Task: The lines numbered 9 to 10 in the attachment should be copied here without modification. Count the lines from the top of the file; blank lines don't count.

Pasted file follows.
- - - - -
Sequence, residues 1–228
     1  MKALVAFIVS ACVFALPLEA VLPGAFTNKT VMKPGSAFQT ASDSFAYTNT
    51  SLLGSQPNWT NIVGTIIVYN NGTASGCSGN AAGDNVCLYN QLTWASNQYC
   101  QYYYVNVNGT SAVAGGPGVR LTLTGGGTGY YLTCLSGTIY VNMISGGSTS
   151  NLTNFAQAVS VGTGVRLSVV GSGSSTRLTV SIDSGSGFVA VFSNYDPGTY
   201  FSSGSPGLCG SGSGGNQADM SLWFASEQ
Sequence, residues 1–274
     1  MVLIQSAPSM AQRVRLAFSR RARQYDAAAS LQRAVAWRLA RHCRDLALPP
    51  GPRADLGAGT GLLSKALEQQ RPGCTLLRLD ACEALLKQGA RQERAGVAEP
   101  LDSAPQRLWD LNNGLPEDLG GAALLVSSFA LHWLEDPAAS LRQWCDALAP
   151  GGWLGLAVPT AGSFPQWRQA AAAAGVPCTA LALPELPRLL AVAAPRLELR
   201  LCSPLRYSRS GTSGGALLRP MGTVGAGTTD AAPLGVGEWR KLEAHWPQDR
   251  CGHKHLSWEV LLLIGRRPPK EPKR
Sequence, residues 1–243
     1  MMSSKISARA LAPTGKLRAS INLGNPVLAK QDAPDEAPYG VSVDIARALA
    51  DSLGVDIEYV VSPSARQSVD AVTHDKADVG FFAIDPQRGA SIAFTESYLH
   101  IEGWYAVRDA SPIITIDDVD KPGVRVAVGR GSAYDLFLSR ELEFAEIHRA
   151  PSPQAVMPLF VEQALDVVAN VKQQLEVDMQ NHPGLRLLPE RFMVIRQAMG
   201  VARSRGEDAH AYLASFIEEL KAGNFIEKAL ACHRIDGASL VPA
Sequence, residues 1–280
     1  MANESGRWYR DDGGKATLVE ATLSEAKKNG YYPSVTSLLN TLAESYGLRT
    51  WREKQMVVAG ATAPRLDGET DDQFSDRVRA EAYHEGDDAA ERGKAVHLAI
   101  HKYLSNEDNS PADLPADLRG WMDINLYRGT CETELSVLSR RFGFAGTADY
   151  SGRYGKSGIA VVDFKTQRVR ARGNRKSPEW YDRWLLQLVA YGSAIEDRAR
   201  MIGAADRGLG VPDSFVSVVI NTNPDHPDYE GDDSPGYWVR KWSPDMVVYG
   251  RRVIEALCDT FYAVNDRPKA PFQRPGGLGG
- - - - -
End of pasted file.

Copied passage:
    51  GPRADLGAGT GLLSKALEQQ RPGCTLLRLD ACEALLKQGA RQERAGVAEP
   101  LDSAPQRLWD LNNGLPEDLG GAALLVSSFA LHWLEDPAAS LRQWCDALAP